5. Montgomery LM. Reinventing short-term medical missions to Latin America. J Lat Am Theol. 2007;2(2):84-103.
  6. Priest RJ, guest editor. Special issue: short-term missions. Missiology: Int Rev. 2006;34(4).
  7. Priest RJ, Howell B, guest editors. Special issue: anthropology and sociology of short term missions. Missiology: Int Rev. 2013;41(2).
  8. Priest RJ. Effective engagement in short-term missions: doing it right. Evangelical Missiological Society Series #6. Pasadena, CA: William Carey Library; 2008.
  9. The literature here is almost too extensive to cite. Two examples are: Chambers R. Rural development: putting the last first. Essex, England: Longman Group Limited; 1983. Chambers, R. Whose reality counts? Putting the first last. London: Intermediate Technology Publications; 1997.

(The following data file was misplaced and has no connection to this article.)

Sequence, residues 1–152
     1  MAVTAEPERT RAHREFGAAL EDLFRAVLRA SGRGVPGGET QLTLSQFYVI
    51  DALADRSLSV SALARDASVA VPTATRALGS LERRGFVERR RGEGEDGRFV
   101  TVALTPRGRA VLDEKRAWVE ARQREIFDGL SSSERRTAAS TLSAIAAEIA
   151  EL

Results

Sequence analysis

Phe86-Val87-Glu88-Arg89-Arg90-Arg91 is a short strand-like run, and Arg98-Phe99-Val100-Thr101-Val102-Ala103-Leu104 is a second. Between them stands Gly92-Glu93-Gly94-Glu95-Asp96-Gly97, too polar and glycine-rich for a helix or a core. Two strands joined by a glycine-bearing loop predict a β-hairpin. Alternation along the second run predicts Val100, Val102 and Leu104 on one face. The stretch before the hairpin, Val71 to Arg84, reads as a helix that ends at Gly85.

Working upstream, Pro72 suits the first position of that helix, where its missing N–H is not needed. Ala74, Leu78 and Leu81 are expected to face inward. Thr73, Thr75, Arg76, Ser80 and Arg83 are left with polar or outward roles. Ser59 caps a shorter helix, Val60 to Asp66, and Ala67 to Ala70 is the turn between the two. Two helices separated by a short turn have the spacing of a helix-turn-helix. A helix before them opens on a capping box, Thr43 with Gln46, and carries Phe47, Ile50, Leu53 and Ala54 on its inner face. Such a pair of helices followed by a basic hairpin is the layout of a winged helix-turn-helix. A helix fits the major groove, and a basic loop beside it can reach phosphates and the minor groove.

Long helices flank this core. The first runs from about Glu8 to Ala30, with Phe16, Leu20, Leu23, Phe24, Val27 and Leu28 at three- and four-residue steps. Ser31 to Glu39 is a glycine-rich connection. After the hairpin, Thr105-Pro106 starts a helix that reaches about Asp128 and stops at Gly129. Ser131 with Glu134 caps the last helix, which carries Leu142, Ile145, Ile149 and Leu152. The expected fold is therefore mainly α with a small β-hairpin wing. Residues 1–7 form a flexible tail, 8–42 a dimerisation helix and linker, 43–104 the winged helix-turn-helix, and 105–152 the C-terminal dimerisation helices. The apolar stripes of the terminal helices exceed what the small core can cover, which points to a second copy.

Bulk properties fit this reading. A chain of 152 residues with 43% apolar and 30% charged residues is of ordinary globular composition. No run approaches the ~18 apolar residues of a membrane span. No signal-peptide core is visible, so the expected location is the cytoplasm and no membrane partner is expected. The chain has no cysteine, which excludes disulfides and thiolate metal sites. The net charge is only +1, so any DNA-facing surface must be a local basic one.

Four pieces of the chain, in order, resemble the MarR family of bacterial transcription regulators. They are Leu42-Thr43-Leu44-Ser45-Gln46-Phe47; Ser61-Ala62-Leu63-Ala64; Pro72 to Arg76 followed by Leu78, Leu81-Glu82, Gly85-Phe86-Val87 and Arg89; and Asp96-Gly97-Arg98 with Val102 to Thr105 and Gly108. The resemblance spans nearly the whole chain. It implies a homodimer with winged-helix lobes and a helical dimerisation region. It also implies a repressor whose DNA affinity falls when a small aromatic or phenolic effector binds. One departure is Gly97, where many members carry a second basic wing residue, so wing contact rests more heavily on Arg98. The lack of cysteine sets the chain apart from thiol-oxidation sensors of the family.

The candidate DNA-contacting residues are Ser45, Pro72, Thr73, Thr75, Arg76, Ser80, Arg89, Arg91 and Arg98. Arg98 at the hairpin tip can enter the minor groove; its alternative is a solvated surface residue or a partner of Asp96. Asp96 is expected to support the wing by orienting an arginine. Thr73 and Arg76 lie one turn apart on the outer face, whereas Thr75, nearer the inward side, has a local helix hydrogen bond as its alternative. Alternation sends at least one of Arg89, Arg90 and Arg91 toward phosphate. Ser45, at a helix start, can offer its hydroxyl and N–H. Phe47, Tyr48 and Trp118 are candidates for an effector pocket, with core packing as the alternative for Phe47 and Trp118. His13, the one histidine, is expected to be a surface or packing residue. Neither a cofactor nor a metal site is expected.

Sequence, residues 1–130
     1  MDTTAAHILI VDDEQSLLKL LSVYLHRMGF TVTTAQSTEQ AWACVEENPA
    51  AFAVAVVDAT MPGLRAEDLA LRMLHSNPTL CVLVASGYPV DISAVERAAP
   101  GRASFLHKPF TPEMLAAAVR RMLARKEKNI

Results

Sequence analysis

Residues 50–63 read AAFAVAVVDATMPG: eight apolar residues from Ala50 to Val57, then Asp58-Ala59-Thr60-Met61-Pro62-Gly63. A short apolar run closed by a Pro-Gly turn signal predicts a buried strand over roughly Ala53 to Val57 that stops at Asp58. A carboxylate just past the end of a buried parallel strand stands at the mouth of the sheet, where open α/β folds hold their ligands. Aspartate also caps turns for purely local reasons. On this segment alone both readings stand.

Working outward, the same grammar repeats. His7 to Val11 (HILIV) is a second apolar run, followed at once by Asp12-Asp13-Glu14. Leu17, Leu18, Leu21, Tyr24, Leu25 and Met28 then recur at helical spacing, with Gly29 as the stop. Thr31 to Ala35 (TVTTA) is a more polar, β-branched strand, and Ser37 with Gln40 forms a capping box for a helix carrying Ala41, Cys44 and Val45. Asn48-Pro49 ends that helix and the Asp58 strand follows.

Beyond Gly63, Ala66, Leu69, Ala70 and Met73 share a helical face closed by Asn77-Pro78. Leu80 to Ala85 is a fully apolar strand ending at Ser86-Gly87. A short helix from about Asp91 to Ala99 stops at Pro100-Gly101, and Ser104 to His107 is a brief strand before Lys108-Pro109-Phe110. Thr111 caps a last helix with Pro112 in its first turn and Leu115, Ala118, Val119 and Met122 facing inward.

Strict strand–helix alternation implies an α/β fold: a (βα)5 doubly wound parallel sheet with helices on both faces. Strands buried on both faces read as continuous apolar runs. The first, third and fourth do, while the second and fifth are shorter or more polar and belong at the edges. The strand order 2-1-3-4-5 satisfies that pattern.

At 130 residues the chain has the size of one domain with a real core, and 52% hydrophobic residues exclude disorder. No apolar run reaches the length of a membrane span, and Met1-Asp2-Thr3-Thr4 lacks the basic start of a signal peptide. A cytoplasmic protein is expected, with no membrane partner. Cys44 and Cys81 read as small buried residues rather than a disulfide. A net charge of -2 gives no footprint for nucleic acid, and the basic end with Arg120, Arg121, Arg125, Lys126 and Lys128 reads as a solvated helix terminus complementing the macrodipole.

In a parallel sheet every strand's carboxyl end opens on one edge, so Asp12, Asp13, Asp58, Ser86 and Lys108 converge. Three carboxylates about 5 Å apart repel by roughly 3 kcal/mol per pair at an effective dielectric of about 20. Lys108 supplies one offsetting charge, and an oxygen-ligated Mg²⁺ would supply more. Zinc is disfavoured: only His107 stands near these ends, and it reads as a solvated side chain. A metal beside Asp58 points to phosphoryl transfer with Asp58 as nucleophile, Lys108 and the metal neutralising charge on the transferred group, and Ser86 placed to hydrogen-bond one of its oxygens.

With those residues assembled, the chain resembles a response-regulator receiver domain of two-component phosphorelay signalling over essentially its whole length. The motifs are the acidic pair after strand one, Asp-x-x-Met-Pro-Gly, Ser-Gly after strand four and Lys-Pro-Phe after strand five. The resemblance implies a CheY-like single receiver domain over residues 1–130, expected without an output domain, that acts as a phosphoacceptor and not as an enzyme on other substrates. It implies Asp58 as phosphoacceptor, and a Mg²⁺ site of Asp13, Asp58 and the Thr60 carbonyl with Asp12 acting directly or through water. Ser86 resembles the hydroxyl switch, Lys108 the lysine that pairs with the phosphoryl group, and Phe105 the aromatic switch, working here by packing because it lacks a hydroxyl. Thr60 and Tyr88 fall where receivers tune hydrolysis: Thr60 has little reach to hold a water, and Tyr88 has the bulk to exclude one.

Submitted 16 Sept 2018, Accepted 20 Sept 2018.

Competing Interests: None declared.

Correspondence: Laura M. Montgomery, Wheaton College, United States of America.

Cite this article as: Montgomery L M. Hoping to Help: The Promises and Pitfalls of Global Health Volunteering by Judith Lasker, Ithaca: ILR Press; 2016. Christian Journal for Global Health. Nov 2018; 5(3):43-46.

© Author. This is an open-access article distributed under the terms of the Creative Commons Attribution License, which permits unrestricted use, distribution, and reproduction in any medium, provided the original author and source are properly cited. To view a copy of the license, visit